Santa Cruz (Spain), Nov 24 (EFE) Researchers have found in Cuba a unique sea slug that emits light when it is disturbed.
In addition, two biologists described five other new slug species – one of which is considered to be a true so-called “living fossil” – that they found in Spain’s Canary Islands.
There are more than 260 species of sea slugs in the Canaries and researchers believe that two of the recently discovered species are “very peculiar”, according to Leopoldo Moro of the Canary Islands government’s Biodiversity Service.
One of them is a living fossil, namely the sea slug named Akera silbo and found on the island of La Gomera.
The slug is the second species of the genus Akera to be found in the Atlantic and is just as significant a find as Odontoglaja sabadiega, another slug identified by the same researchers 12 years ago on the Spanish island of El Hierro.
This is the only representative of the genus Odontoglaja – which has teeth, a trait that is an exception in its family – in the Atlantic and only the second to be found in the world.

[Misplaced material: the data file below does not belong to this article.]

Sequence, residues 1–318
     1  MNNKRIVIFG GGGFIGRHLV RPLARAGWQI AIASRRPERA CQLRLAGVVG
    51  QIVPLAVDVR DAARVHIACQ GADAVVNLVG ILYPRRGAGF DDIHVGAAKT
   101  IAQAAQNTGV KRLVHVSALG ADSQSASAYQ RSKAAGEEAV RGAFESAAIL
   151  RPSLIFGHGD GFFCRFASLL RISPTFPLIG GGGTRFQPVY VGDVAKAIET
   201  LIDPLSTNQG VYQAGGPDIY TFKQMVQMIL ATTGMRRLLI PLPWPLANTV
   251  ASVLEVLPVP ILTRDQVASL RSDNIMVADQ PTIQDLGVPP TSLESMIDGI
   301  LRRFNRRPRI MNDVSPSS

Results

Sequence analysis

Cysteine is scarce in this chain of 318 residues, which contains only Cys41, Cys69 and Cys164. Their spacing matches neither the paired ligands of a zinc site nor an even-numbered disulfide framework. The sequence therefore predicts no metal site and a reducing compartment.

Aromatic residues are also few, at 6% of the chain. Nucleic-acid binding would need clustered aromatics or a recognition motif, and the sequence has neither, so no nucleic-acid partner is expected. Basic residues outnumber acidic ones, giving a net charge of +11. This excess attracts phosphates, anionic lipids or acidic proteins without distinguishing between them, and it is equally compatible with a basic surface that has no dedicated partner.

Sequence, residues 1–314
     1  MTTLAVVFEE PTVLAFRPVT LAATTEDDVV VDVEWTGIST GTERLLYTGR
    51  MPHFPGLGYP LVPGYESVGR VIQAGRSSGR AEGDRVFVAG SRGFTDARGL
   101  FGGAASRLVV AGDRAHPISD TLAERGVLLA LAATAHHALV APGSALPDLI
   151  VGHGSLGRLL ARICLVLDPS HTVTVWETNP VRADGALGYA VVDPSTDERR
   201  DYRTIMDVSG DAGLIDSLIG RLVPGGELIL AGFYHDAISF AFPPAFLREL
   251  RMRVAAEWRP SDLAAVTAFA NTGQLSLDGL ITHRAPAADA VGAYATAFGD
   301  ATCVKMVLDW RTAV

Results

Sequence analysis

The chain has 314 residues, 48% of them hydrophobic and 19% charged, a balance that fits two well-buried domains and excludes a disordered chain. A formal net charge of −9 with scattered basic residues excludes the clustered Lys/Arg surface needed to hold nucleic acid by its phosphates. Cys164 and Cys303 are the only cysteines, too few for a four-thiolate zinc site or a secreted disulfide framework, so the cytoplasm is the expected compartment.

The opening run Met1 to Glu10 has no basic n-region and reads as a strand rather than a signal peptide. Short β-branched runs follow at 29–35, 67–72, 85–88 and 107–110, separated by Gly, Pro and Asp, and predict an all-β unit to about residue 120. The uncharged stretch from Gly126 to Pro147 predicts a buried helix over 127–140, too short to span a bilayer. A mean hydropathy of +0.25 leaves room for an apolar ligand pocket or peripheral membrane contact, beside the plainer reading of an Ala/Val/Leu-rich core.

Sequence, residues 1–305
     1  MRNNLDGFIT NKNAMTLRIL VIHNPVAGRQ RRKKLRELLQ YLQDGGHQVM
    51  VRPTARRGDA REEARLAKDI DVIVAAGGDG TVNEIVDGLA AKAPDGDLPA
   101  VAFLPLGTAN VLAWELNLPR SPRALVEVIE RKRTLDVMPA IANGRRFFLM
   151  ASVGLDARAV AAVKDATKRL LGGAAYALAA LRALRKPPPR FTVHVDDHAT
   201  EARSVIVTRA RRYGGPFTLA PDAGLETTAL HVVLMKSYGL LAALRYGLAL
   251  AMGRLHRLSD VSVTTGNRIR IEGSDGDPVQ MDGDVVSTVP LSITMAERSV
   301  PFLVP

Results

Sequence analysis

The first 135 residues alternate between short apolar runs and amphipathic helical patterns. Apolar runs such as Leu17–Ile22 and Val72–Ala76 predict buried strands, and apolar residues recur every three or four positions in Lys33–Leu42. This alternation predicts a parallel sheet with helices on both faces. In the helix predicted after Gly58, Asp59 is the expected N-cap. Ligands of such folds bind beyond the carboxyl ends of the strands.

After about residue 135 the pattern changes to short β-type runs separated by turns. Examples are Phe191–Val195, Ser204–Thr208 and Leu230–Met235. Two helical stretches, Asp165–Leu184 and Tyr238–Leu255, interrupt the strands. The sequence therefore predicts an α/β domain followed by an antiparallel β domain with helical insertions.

Also noteworthy is the sea slug found on Lanzarote and named Elysia manriquei in honour of artist Cesar Manrique “for the architecture and colourful designs of its body”, Moro said.
Moro and Jesus Ortea, of Spain’s University of Oviedo, are two of the researchers comprising a Spanish-Cuban team that, since 2006, has been making an inventory of the sea slugs on Cuba’s hurricane-prone Guanahacabibes peninsula.
During this study, 775 different species of sea slugs were found, almost 50 percent of all those that live in Cuba, a situation that confirms the importance of this geographic region “as a hotspot for marine diversity”, Moro said.
The area is also important due to the “bi-directional” nature of its coastal currents and as a zone where planktonic larvae are produced that can allow parts of the Gulf of Mexico and the Caribbean Sea to recover ecologically after being affected by various types of natural disasters.